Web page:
• Your choice of container to grow your seeds in. This can be seed flats and inserts in either cells or rows, peat or coir pots in plastic seed flats, azalea pots (pots that are short and wide), or even peat/coir pellets.
  • Mister bottle
  • Water insoluble marker and plant labels

The above are the necessities for starting seeds indoor, but if you want to really set yourself up for success below are a couple of seed staring accessories that make a big difference.

  • A heating mat for bottom heat. Your seeds need to believe that spring is coming and the soil is being gently warmed by the sun.
  • A clear dome to create the high humidity seeds need to germinate.
  • A grow light, because not all windowsills are created equal.

Choosing the Right Container

The type of inserts you choose should dependent on the type of seed and length of growing time before transplanting outside. If you are sowing very fine seeds such as begonias, use inserts that have rows of seeding areas. This makes it easier for you to transplant and also to sow a large number of seeds. If you wish to have a large sized plant at transplant time, choose the large celled packs to encourage unhindered root growth.

Choosing and Preparing Your Growing Medium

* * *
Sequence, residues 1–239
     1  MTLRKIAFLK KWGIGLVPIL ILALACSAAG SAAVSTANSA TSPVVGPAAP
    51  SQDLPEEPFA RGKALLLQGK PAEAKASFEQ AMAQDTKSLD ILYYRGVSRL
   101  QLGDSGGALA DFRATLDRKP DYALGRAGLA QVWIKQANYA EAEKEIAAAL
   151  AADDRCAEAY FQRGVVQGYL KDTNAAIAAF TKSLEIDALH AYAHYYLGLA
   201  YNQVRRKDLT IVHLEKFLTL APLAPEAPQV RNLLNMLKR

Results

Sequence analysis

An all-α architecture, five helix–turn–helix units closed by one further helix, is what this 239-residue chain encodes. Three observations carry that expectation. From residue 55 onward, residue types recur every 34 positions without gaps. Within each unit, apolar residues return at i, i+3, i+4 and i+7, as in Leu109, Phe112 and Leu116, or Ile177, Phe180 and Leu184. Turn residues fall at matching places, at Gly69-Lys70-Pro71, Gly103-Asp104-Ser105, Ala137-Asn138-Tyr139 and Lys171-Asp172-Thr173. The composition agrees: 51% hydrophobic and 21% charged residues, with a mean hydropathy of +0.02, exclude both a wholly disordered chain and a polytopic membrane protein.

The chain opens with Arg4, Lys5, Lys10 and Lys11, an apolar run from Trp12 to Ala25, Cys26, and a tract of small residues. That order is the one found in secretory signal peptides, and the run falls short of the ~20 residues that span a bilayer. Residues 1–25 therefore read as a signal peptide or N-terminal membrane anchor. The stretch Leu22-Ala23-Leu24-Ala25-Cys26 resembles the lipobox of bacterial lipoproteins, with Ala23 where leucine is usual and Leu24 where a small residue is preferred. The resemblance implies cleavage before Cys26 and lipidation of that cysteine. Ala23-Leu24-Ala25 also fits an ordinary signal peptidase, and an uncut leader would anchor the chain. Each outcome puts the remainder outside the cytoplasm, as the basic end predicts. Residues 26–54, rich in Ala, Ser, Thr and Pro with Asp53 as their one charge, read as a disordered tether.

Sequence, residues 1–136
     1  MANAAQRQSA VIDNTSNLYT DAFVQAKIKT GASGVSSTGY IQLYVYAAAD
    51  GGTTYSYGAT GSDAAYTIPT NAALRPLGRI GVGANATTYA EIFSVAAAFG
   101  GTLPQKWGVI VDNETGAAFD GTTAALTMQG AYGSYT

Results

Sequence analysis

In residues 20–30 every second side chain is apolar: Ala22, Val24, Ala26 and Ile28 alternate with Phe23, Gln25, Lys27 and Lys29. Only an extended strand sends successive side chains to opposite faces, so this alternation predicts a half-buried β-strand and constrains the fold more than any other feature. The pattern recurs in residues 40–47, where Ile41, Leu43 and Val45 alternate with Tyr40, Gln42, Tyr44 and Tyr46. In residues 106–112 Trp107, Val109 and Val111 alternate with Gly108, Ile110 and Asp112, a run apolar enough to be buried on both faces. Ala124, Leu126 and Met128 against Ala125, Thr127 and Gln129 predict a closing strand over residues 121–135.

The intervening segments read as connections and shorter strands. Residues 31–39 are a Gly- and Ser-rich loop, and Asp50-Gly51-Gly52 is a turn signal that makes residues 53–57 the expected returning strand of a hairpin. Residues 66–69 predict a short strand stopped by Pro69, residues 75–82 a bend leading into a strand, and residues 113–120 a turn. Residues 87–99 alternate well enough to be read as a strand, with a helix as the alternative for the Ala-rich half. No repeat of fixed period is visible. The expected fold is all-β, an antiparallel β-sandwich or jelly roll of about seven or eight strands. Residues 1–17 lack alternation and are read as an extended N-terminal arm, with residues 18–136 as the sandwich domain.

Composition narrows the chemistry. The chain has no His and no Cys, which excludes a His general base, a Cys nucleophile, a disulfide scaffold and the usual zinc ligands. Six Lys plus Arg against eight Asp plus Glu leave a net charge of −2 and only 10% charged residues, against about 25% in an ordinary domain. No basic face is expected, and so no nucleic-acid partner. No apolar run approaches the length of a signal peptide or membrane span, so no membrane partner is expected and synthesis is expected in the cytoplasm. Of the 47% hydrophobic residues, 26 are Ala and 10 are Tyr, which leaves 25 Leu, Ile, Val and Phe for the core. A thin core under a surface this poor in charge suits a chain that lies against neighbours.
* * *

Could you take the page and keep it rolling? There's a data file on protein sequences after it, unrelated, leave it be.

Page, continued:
Clear off an area (preferably on a counter) where you can make a mess, or easily clean up. Moisten your starter mix with warm water and work through the mix with your fingers, trying your best to eliminate any dry clods. Add the moistened starter mix to flats, flat inserts or peat containers up to approximately 1cm from the top rim. Tap the container down to rid the soil of air bubbles. In the case of jiffy pots, place them in a tray with about 1cm of warm water and let them absorb the water.

Planting the Seeds

The method of sowing a seed depends on the type and size of seed.

  • Large seeds such as sunflowers, cosmos, calendulas and beans, sow each seed in individual peat pots, individual cell inserts or in pre-soaked jiffy pots. Check you seed package for planting depths but a general rule is to plant the seed down approximately 2.5 times the width of the seed. For example, a sunflower seed is about 1cm wide so plant it 2.5cm deep. Large seeds tend to germinate and develop very quickly. Some seeds such as peas can be soaked overnight to help soften the seed coat before planting.
  • Very fine seeds can be mixed with sand in a cup and sprinkled or “broadcast”onto either prepared flats or wide, shallow pots like azalea pots. This helps to evenly distribute them.
  • All other seeds can be planting in row inserts or flats according to the package directions.
  • For row inserts, tap seeds from the packet into the rows and cover gently with seeding media, washed horticultural sand or moistened vermiculite.
  • For flats, make ridges with a pencil or chopstick and cover gently with seeding media, washed horticultural sand or moistened vermiculite.

Taking Care of the Seeds During Germination